Hart then took control of the brawl and was able to start working the mat, going after Austin's knee brace to set up the Sharpshooter. Yet Austin wouldn't give up. And like Luke Skywalker wearing black, our hero Bret brought a chair and a ring bell in the ring and used them on Austin. This was a subtle hint at a heel turn, with the fan favorite suddenly fighting dirty, even though out of necessity. And because Bret was getting heat, Austin was getting equally over as the good guy, simply because he still wouldn't submit. Bret was getting desperate; makes sense, unlike most heel turns these days. I remember seeing Wrestlemania 25 in a movie theatre with my roommate.

Side note: Go see a pay per view in a theatre at least once. It's like being in a satellite crowd, and equally ridiculous. We were the only people over twelve and under forty. And it was awesome, seeing guys mark out and scream "Thank you God...Thank you John...Thank you John Cena." He sounded like he was about to cry. You can't make this kind of stuff up.

And we made a joke about Chavo congratulating Rey for winning the belt then hitting him with a chair, then spinning around confused why nobody even cares enough to boo him. And surely it happened a few months later. I forget if it was a chair. But it got the same reaction and the same result. Bret started working more and more as a heel in a gradual build, fighting more and more brutal to make Austin quit. Austin suddenly became the hero, refusing to give up despite getting busted open and his legs crippled. Finally, the match ended when Austin passed out in a tenacious Sharpshooter and Shamrock rang the bell. Hart refused to break the hold though, forcing Shamrock to suplex him off. It was the perfect finish, not just because it justified having a special referee (and getting Shamrock as the only guy who could stop Hart), but because the way that they had teased Bret's heel turn, they had to go all the way on it. And because Austin was so valiant as an opponent of Bret's, he became a face for withstanding it for almost a half hour.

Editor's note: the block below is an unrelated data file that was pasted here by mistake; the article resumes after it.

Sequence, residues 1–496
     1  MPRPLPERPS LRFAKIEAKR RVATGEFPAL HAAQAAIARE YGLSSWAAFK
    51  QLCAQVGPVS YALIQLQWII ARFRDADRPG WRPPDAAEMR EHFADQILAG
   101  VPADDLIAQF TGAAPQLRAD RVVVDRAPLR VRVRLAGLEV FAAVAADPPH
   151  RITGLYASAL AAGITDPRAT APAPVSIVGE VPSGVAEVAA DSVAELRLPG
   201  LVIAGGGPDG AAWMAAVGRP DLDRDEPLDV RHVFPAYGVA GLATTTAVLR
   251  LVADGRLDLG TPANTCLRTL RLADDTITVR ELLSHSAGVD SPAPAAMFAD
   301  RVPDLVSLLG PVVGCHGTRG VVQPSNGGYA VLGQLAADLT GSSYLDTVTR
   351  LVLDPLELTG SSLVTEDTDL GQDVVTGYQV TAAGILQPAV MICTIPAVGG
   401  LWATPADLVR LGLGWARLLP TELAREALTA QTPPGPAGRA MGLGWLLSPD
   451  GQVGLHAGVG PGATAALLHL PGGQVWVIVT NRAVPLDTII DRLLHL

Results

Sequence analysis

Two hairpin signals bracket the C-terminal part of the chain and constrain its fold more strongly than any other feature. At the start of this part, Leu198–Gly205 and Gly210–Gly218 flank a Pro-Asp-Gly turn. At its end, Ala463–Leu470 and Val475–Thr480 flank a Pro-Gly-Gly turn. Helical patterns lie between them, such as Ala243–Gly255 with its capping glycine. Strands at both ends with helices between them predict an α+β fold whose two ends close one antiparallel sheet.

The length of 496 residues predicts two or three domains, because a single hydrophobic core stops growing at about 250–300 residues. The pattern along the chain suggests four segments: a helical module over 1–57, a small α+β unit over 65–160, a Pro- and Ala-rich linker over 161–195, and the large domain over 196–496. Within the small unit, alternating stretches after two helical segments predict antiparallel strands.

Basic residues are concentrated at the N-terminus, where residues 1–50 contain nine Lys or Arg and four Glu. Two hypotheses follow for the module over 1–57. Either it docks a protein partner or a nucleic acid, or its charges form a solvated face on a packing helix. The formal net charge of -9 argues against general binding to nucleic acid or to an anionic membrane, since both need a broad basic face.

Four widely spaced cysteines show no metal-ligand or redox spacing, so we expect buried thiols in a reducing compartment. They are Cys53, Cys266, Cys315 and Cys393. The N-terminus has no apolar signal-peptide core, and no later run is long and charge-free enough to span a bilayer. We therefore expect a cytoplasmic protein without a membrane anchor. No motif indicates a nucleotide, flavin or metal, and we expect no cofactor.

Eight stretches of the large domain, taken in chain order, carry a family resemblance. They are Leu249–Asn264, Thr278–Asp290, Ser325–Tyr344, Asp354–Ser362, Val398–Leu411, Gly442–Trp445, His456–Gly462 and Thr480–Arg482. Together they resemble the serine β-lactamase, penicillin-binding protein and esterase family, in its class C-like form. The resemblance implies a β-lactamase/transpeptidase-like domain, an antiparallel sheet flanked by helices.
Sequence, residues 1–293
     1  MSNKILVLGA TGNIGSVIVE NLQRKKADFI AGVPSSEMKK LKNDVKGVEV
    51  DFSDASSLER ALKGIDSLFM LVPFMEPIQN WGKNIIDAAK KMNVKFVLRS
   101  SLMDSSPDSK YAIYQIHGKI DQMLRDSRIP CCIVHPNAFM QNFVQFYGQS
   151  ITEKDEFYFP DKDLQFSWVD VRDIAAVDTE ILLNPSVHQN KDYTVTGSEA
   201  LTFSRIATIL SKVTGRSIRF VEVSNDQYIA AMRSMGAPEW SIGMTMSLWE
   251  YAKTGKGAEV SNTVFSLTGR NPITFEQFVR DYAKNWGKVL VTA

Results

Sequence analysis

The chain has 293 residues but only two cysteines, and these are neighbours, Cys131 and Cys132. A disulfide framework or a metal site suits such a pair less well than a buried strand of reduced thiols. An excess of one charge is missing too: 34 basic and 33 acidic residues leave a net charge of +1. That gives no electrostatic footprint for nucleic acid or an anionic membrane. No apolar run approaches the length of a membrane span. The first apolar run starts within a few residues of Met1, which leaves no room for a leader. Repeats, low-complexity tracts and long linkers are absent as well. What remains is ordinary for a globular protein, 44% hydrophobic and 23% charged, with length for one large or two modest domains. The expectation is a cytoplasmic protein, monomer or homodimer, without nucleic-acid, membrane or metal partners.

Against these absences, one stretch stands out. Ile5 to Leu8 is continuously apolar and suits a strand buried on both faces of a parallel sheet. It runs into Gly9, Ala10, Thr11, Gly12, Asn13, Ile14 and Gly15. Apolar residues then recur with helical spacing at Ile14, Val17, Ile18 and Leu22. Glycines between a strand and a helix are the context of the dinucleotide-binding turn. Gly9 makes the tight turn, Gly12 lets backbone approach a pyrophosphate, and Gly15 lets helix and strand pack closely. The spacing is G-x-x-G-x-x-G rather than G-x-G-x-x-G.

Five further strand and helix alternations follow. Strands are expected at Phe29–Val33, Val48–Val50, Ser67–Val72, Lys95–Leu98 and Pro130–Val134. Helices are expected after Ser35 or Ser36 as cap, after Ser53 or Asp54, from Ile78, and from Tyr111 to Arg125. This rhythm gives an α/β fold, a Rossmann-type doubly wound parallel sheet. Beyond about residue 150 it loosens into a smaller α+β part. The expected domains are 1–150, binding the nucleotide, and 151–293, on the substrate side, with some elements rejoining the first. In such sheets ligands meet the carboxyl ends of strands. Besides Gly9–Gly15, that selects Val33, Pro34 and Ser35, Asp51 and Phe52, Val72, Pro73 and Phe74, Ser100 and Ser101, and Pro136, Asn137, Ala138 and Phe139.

Another lesson. Time. What's the deal with match lengths these days? I don't watch Raw because I don't give a goddamn about the stories. I want to see matches, and I don't think I'm the only fan of the product who thinks so. Is the "shocking" revelation that Stephanie and Triple H are married that important if it means giving Regal and Punk four minutes, sometimes less?

Side note. Vince, listen up. You know that Shane-Stephanie relationship you once considered pushing? Better: have Steph and H be married onscreen awhile and then have an angry Vince that H is actually Vince's son, one of those great mysteries, right up there with GTV.

Seriously. Will Regal is forty. He has dumb hair, dumb outfits, and he is one of the ten best workers on the planet when given the time to shine. Punk is younger, but you can say many of the same things. But to shine and reach their potential they need more than five minutes between segments. What is this, Nitro?

So looking it over, Hart-Austin was not only perfectly booked, but perfectly executed. It's less of a match and more like a four act story, the tragedy of the Hitman's fall from grace. Why don't moments like this happen anymore?

Watch the match, you'll know what I mean.

Drew Kannegiesser lives in Toronto. He can quote Simpsons episodes verbatim, can kick your ass at trivia and cured his Aides of smallpox. He can be reached at thedocta_@hotmail.com

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November 2006


by Sean Carless

With Christmas just around the corner, what better way to spend your few remaining dollars (left over after the seemingly infinite line-up of fucking pay-per-views ) then on the following "quality WWE merchandise!" After all, if they don't move this stuff, and fast, stockholders just might get time to figure out what "plummeting domestic buyrates" means!... and well, I don't think they need to tell you what that means! (Seriously. They're not telling you. Everything is fine! Ahem.).